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How does a laser work?
A specific dose is determined for your condition based on chronic or acute, region of the body, and other individual factors.
The laser is moved over an area in a slow scanning motion.
A mild warmth sensation under the wide laser beam and a feeling of relaxation of the muscles.
Examples Conditions that Respond to Laser Therapy
Low back pain, acute, chronic, cervical pain, disc disorders, nerve pain, muscle pain, peripheral neuropathy, TMJ syndrome, shoulder tendinopathy, frozen shoulder, knee degenerative arthritis, rheumatoid arthritis, shingles, carpal tunnel syndrome, Achilles tendonitis, plantar fasciitis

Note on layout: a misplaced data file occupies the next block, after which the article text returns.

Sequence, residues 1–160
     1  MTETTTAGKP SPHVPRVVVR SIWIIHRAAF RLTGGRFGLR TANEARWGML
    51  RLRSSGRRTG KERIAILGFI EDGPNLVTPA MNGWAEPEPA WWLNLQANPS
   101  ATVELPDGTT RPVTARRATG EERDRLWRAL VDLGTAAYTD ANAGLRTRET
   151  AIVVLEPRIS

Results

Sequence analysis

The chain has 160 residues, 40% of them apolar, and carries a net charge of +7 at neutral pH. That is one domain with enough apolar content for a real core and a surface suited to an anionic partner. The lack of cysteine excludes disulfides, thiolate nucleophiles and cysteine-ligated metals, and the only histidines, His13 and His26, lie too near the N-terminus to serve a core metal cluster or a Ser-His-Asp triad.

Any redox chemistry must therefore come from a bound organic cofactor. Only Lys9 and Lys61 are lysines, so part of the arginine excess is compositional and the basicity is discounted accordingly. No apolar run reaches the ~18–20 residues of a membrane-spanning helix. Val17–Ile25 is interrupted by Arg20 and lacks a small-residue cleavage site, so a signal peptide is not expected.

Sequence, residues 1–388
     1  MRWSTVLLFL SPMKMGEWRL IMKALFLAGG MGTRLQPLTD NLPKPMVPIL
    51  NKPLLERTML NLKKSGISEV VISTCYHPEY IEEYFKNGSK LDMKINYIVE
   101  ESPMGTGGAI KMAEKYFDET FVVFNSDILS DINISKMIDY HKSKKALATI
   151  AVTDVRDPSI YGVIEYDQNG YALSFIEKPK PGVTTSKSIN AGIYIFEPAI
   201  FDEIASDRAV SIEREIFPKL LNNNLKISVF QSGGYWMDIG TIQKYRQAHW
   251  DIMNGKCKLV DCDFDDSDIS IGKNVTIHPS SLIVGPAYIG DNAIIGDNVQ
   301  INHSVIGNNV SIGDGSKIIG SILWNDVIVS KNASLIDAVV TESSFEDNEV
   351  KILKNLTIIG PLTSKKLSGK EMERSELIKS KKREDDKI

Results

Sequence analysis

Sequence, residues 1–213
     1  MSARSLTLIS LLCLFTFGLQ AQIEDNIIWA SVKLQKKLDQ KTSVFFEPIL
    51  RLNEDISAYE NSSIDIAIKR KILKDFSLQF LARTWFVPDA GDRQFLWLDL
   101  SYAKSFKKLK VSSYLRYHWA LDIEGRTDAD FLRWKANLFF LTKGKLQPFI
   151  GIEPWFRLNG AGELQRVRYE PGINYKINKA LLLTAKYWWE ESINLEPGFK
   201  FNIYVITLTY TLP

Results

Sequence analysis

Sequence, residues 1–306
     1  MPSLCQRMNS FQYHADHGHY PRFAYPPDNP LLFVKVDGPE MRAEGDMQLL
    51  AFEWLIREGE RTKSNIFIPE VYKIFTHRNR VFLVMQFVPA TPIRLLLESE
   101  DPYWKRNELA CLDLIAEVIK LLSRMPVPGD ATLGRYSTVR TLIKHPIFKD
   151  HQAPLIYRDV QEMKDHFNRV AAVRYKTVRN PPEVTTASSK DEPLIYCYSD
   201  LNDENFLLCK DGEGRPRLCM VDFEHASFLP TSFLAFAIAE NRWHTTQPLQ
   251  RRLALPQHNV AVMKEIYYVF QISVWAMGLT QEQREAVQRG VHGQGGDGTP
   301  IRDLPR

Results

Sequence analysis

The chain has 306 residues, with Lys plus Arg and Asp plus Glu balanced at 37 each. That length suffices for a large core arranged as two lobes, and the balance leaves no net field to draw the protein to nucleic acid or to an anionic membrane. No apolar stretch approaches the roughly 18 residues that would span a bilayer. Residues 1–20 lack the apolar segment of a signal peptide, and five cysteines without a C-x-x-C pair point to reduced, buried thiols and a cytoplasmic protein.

All of this adds up to a win-win situation for our patients when High Intensity Laser Therapy (HILT) is included in their treatment plan.
For over fifty years laser therapy has been used for the purpose of stimulating living tissues (photobiomodulation).
The first use of low power laser to stimulate healing is credited to Dr. Andre Mester of Semmelweis University in Budapest, Hungary for his infamous wound healing studies in 1967.
The addition of this new therapeutic modality allows the practitioner to enhance the patient’s healing in multiple ways. Pain reduction can occur through decreasing inflammatory chemicals, decreasing nerve irritability, and even nerve regeneration. Healing tissue has shown to be stronger from laser therapy stimulation than without. Muscle soreness and swelling can be decreased allowing a faster return to activity and decreased treatments.
Cold Laser and High Intensity Laser Therpay (HILT) does not destroy tissues.
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